Geeky F@b 5 returns with volume 2, Mystery of the Missing Monarchs, an educational adventure full of friendship and girl power. Geeky F@b 5 is a collaboration between pre-teen author Lucy Lareau and her mother, Liz Lareau, that tackles “geeky” STEM (Science Technology Engineering Math) topics for young readers. The first book, It’s Not Rocket Science, brought together the group of friends for their first challenge: creating a new school playground. In volume 2, the girls discover an abandoned lot near their school full of native plants, monarch butterflies, and honeybees.They fall in love with their “secret garden,” but it’s soon threatened by a mysterious developer that wants to bulldoze the area to build a new convenience store. The girls must rush to discover the identity of the developer and find a way to save the endangered insects.

Although I personally enjoyed the first book more and felt the plot and writing was a little stronger, Mystery of the Missing Monarchs is still a worthy addition to the series. There is a healthy dose of educational content about monarch butterflies and the role they play in the ecosystem, as well as the dangers they currently face. As with the first book, the girls face a problem that seems insurmountable—something that would be a challenge even for grown-ups—but their determination and creative thinking, as well as the support of the adults around them, carry them through. This volume shares the same energetic, upbeat tone as the first, and does a good job making STEM topics accessible and interesting for young readers. Mystery of the Missing Monarchs can stand alone, despite being a sequel, so there is no worry about adhering strictly to the series order. The first chapter introduces the characters and setting, and makes for an easy entry point for readers.

An element I continued to appreciate in this comic is the diversity of the main group of friends. They are not only racially diverse, but one is adopted, and they represent a wide variety of interests and hobbies ranging from those often seen as masculine (math, computer programming, sports, etc.) to those often seen as feminine (art, fashion, singing, etc.). The comic does not gender these hobbies and doesn’t value one type at the expense of the other. In this volume, we are also introduced to the brother of one of the girls, who is a person of color with a disability.

One thing I particularly liked about the comic was that the eventual solution to the main conflict was small-scale and realistic, making it seem achievable and inspiring for readers eager to follow in the girls’ footsteps. As with the first book, things tend to fall into place fairly conveniently for the story (characteristic of many books for young readers) but I felt the girls’ solution in this volume was more reachable than in the last. The comedy provided by Hubble the cat was a bit too much for me at times, but the humor might be just right for the target age group.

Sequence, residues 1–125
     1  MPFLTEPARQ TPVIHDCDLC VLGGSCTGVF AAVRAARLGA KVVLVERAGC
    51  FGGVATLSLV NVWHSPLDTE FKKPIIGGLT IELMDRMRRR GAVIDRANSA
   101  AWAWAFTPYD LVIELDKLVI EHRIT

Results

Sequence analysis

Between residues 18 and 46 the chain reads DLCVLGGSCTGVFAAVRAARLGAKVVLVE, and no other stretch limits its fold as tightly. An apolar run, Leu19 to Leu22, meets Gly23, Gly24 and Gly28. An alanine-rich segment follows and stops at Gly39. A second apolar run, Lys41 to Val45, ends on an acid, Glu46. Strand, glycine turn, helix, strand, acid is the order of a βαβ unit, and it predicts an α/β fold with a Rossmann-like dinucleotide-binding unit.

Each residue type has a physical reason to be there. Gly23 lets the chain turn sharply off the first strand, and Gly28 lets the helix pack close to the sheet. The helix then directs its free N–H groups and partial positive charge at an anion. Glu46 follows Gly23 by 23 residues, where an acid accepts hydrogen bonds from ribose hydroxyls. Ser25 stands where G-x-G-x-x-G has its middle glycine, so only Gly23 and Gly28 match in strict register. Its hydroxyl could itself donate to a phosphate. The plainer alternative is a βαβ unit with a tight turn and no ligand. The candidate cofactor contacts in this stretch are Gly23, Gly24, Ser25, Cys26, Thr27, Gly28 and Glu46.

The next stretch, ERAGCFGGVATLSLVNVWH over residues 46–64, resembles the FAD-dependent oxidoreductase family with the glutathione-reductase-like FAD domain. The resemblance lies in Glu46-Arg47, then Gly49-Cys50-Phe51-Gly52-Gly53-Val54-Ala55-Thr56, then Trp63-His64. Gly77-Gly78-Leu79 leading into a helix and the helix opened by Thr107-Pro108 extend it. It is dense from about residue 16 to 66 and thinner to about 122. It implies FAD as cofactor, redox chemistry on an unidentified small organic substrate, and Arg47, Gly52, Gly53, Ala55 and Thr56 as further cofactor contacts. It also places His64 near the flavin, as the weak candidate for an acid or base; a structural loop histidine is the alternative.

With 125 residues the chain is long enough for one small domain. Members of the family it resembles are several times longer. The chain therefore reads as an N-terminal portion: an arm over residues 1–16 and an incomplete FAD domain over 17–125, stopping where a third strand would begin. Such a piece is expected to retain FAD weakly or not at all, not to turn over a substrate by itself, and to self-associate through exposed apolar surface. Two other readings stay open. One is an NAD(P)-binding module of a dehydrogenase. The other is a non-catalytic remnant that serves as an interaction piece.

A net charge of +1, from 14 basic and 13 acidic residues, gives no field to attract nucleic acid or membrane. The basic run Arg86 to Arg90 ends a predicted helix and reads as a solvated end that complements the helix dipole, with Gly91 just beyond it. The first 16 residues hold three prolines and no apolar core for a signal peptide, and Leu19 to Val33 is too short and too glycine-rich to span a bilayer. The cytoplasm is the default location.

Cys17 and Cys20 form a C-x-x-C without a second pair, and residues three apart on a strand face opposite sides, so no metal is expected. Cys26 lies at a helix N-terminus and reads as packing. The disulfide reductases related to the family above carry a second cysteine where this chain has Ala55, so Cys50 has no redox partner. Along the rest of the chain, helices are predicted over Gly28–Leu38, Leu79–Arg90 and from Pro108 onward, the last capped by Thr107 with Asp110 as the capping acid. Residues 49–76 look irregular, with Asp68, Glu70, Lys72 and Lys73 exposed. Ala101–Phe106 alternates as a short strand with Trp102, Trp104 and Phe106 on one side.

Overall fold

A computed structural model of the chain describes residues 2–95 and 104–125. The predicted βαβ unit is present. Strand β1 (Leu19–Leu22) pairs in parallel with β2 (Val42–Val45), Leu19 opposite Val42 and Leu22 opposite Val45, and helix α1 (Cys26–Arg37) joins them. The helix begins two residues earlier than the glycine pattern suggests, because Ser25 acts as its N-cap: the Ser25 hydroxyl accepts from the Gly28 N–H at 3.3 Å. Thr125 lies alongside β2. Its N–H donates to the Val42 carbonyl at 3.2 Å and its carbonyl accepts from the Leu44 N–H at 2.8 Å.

Artists Ryan Jampole and Jen Hernandez continue to serve up cute, distinctive characters in panels with lots of movement, energy, and color. There is a simplicity to it, with most of the attention focused on the foreground and the characters, which pairs well with the story and helps to move it along.

The Geeky F@b 5 series is a fun way to emphasize and teach positive messages about girls in STEM, female friendship, and children’s capacity for thinking about and addressing large-scale problems in the world. These important ideas are timely and useful for kids of all genders to be exposed to. It will be interesting to see how the series continues to develop as more books are created.

Geeky F@b 5, vol.2: Mystery of the Missing Monarchs 
By Lucy Lareau Liz Lareau
Art by Ryan Jampole Jen Hernandez
ISBN: 9781545801567
Papercutz, 2019
Publisher Age Rating: 7-11

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Character Traits: Black, Latinx, South Asian,

  • Sharona Ginsberg

    Past Reviewer

    Sharona Ginsberg is the Head of the Terrapin Learning Commons at the University of Maryland, College Park. Her work fits where technology and learning intersect, and she is especially interested in makerspaces and creating. She is also interested in issues of equity and social justice, serving LGBTQ patrons, and her dog, Bilbo Waggins.

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